THE laneway near the hockey complex could be closed as part of a last-ditch effort to stop ongoing violence and vandalism in the troubled area.
The Nunns Avenue complex was again a point of discussion for Orange councillors at this week’s meeting after another incident last weekend where a gang of about eight youths around 16 years of age threw rocks at hockey players and their supporters at the complex.
Cr Jason Hamling suggested the laneway should be closed for a three-month trial and believes the inconvenience of the closure to residents may encourage them to speak out and “dob in” the offenders.
“The hockey fraternity of Orange and visiting teams should be able to play hockey in complete safety and not worry about these sorts of attacks,” he said.
At a meeting earlier in the month all councillors agreed the council needed to call on police to step up patrols in the area, but later decided to ramp up community programs to reach out to the youth involved to avoid a heavy-handed approach.
Cr Hamling said the programs would work but more needed to be done to stop hockey players being abused and attacked.
Community and cultural services director Scott Maunder said he had raised the issues with Canobolas Local Area Command Superintendent David Driver, Aboriginal community liaison officer Glenn Sutherland and the council’s Aboriginal youth project worker Kurt Beahan.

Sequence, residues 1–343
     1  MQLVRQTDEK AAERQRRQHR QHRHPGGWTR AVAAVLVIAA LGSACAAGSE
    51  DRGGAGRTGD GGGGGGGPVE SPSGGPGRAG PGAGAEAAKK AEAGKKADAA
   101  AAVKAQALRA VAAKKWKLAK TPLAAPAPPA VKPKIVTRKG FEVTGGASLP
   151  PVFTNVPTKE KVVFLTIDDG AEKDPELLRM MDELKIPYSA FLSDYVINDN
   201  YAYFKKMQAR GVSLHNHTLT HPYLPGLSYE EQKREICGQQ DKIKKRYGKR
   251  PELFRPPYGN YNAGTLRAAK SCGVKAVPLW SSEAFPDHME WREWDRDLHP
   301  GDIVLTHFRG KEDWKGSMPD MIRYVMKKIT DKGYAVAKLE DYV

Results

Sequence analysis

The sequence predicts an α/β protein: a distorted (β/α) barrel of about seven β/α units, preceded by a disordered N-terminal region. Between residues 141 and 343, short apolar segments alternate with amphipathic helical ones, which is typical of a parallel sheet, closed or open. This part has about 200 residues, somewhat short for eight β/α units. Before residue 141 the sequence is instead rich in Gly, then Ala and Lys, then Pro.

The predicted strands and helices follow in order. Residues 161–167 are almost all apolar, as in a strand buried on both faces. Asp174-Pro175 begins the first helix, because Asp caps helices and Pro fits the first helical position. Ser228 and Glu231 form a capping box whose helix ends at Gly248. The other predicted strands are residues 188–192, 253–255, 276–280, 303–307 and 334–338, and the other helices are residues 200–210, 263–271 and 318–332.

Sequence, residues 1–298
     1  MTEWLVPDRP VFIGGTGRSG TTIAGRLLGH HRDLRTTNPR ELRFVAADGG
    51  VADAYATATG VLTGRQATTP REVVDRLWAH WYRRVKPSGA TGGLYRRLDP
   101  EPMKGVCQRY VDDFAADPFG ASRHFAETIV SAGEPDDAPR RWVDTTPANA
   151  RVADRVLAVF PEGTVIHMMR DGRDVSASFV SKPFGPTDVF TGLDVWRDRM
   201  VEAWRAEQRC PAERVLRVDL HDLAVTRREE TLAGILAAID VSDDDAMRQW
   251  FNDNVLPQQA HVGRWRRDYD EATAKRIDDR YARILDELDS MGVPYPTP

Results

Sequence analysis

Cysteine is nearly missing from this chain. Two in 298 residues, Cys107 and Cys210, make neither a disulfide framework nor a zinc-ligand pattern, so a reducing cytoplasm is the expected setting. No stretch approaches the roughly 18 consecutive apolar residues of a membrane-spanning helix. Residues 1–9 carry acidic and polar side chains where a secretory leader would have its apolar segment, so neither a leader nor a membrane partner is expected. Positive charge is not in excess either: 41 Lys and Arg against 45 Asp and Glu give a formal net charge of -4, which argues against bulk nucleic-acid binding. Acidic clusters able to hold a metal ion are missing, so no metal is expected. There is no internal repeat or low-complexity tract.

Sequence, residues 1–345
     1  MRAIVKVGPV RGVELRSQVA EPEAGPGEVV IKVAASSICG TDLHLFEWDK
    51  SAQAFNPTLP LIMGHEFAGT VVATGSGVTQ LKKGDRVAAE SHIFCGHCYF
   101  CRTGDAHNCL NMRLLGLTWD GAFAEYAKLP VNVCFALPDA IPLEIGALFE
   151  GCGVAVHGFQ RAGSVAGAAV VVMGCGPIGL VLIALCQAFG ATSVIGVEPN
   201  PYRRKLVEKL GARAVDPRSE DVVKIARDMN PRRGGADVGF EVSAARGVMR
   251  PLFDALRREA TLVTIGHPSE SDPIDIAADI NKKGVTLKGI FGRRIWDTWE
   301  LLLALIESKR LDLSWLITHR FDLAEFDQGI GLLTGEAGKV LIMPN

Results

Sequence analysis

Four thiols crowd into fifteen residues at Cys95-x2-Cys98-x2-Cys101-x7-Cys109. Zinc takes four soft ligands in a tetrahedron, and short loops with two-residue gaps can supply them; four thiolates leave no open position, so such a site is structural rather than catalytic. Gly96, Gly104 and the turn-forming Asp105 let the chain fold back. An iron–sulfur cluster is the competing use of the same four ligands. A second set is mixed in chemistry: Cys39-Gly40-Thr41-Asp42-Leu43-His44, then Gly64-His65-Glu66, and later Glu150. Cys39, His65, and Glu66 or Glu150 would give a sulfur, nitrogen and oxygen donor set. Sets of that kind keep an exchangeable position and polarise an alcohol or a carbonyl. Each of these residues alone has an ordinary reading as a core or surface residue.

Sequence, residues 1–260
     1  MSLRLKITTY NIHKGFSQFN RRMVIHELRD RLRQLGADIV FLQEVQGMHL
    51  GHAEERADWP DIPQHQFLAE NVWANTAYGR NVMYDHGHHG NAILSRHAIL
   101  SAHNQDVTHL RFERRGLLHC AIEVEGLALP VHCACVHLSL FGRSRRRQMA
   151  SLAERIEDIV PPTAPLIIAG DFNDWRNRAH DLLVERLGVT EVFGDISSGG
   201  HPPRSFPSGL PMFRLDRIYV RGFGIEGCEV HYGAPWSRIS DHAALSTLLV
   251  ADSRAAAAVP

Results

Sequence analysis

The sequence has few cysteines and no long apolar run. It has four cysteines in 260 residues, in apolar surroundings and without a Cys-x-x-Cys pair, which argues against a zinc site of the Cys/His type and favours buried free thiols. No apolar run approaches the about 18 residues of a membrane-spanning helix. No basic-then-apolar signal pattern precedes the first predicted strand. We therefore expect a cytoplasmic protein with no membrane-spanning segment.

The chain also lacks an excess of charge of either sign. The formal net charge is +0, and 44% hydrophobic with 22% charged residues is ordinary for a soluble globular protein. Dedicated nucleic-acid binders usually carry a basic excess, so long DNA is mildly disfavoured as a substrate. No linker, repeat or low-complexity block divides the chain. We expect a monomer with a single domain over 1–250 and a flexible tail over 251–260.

“They’re aware of it and they’re aware of five juveniles suspected as being involved,” he said.
He said Mr Sutherland had visited the homes of the youths aged between 10 and 12 and spoke to their families.
“There is general community concern about what will happen if that laneway is closed ... if they’ll climb over it or the alternative routes they’ll take,” Mr Maunder said.
Cr Chris Gryllis was concerned closing the lane would penalise residents for the sake of a few vandals and suggested the council should consult with the neighbourhood first.
“Councillors should meet and inspect the place with the users and then shut it for a trial or forever,” he said.
Cr Hamling suggested lockable gates could be installed at either end for the hockey association to close the lane during games.
But Cr Ron Gander said an enormous amount of vandalism was happening after dark seven days a week, not just during games.
Cr Scott Munro said the police were the only ones that could fix the problems.
“If we know through CCTV and people’s eyewitness accounts of who the kids are lets clean them up,” he said.
“It’s up to the police not council.”